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McKenzie v. State

Court of Appeals of Alabama
Jun 30, 1923
97 So. 155 (Ala. Crim. App. 1923)

Summary

In McKenzie, supra, refusal of a charge termed to embrace a correct principle as applied to a particular phase of the evidence was held to be error where the court's charge was given in general terms and based upon general principles.

Summary of this case from Maddox v. State

Opinion

5 Div. 439.

June 30, 1923.

Appeal from Circuit Court, Tallapoosa County; S.L. Brewer, Judge.

William R. McKenzie was convicted of violating the prohibition law, and he appeals. Reversed and remanded.

The following is the indictment:

"The grand jury of said county charge that before the finding of this indictment, and since the 25th day of January, 1919, William R. McKenzie did distill, make, or manufacturer alcoholic, spirituous, malted, or mixed liquors or beverages some part of which was alcohol, contrary to law.

"And the grand jury of said county further charge that before the finding of this indictment and more than 60 days since the 30th day of September, 1919, William R. McKenzie did manufacture, sell, give away, or have in his possession a still, apparatus, appliance, or some device of substitute for a still, apparatus, or appliance, to be used for the purpose of manufacturing prohibited liquors or beverages, contrary to law, against the peace and dignity of the state of Alabama."

These charges were refused to defendant:

"(2) The court charges the jury that, if they find from the evidence in the case that John Staffney is unworthy of belief, then the jury may look to this circumstance in determining what credence, if any, they will give to the testimony of said _____.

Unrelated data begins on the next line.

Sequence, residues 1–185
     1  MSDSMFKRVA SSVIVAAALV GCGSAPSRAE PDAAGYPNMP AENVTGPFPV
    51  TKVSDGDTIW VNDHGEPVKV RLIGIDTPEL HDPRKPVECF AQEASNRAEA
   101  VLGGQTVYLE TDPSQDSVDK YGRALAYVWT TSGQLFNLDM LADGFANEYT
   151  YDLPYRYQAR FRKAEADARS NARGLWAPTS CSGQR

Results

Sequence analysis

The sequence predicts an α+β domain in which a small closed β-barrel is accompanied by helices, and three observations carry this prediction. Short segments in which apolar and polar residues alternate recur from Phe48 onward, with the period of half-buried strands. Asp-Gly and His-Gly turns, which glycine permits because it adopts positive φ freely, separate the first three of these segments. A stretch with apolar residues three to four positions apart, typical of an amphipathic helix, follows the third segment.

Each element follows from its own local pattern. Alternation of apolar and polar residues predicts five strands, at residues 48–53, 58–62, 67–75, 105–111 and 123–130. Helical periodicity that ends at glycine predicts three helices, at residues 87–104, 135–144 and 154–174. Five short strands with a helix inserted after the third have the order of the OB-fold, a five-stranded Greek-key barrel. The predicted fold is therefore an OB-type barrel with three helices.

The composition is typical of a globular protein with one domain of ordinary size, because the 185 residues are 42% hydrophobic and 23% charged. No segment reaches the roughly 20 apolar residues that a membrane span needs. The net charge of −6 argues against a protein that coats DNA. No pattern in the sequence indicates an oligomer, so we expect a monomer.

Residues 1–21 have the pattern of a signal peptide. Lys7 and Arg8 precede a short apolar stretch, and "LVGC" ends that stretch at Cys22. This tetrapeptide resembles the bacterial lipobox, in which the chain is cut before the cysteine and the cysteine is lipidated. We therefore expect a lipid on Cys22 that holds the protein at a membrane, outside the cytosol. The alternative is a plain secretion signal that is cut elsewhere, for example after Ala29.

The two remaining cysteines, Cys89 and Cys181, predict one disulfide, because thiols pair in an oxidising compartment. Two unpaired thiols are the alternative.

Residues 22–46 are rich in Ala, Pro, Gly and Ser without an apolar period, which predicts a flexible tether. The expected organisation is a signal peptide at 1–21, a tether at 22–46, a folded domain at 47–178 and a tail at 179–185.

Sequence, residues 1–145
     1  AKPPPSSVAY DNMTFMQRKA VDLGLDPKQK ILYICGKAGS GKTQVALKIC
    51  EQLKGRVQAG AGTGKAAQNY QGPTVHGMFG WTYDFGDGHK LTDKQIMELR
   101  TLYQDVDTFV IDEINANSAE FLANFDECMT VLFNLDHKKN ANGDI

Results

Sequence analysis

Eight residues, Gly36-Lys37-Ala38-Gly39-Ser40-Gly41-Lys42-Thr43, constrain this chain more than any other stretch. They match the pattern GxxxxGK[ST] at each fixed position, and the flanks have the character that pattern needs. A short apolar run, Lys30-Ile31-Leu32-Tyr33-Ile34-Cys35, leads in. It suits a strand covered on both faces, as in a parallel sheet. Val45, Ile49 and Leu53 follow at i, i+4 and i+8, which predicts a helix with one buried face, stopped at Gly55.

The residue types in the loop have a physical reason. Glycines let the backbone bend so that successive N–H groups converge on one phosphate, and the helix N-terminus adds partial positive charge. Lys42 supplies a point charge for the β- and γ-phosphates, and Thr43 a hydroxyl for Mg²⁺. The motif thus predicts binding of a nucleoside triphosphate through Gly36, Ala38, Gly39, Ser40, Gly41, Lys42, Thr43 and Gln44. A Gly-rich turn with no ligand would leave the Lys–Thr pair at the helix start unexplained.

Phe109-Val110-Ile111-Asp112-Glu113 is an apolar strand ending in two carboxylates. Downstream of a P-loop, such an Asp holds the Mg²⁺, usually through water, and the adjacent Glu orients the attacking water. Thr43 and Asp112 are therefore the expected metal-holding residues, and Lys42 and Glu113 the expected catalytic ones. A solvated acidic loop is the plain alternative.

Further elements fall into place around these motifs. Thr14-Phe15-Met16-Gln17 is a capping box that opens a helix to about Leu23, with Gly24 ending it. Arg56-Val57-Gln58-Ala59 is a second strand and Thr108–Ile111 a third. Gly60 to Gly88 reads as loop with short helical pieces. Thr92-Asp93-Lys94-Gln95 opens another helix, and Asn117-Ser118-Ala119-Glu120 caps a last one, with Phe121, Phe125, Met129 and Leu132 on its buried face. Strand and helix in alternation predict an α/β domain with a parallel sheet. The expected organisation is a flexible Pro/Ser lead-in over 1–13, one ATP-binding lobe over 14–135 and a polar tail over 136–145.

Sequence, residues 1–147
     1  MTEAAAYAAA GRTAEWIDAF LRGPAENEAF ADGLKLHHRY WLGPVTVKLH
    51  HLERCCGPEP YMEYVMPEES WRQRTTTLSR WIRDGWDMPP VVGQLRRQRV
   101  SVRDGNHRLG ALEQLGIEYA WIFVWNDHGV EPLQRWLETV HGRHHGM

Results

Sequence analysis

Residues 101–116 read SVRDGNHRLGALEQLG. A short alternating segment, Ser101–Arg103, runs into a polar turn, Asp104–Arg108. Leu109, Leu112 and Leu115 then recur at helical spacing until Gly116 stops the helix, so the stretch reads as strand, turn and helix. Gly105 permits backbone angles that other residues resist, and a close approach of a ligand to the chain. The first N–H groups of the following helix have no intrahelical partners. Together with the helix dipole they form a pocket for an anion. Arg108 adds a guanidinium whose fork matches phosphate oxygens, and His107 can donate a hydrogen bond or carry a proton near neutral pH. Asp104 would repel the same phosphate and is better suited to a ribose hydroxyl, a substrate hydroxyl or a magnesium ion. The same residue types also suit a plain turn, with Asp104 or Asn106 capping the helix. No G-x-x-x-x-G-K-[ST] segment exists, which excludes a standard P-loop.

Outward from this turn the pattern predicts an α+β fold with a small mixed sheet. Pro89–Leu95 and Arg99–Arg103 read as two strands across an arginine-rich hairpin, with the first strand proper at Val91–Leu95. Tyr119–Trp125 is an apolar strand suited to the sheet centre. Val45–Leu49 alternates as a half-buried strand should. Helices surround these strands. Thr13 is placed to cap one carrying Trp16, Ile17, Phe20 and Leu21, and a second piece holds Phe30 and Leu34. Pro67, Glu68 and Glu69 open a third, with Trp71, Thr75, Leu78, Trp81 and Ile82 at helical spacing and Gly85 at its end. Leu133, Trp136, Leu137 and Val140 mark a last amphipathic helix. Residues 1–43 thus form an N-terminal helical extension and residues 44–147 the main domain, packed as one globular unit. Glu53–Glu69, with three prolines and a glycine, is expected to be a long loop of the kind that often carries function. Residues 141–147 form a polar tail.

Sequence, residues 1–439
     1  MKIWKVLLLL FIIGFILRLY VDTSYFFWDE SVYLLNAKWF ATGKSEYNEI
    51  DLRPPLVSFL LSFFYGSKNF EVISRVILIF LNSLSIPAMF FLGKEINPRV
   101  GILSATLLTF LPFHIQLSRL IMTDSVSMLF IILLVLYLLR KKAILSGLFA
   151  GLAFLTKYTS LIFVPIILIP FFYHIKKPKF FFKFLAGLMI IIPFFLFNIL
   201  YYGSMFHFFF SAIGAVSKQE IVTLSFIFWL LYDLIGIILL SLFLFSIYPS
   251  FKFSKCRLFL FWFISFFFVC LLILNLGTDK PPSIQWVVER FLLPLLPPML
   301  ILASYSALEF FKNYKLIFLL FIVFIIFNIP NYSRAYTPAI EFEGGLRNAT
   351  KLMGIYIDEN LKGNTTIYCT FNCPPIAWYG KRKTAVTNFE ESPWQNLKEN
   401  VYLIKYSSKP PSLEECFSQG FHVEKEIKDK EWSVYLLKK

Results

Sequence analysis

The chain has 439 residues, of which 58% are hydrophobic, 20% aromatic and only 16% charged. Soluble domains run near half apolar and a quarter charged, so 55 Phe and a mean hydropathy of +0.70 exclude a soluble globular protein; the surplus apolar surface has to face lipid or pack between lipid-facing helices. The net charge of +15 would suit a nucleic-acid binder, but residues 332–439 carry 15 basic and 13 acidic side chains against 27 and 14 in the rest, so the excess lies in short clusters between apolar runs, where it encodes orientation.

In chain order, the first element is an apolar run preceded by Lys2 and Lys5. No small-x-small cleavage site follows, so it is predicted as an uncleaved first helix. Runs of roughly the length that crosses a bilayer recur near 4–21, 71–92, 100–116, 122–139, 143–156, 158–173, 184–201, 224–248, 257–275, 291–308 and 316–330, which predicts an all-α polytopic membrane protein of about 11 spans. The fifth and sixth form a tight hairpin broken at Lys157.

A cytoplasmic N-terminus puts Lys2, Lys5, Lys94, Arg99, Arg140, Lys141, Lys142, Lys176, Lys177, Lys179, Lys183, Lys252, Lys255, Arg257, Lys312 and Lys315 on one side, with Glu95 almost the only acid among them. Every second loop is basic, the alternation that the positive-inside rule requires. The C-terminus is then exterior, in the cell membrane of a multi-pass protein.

"(3) The court charges the jury that, if they find from the evidence in this case that the witness John Staffney swore falsely as to any material fact, then the jury may disregard the evidence of said John Staffney."

"(8) If the guilt of the defendant depends upon the testimony of the witness John Staffney, and the jury believe from the evidence that the testimony of said Staffney was willfully false as to any material part of his testimony, then the jury may disregard all of the testimony of such witness and find the defendant not guilty."

"(14) The court charges the jury that, if there is one single fact proved to the satisfaction of the jury which is inconsistent with defendant's guilt, this is sufficient to raise a reasonable doubt of his guilt, and the jury should acquit."

"(17) The court charges the jury that a person charged with a felony should not be convicted, unless the evidence excludes, to a moral certainty, every reasonable hypothesis but of the defendant's guilt; no matter how strong the circumstances are, they do not come up to the full measure of proof which the law requires, if they can be reasonably reconciled with the theory that the defendant is innocent."

"(23) No matter how strong may be the facts, if they can be reconciled with the theory that some other person may have done the act, then the guilt of the defendant is not shown by the full measure of proof which the law requires."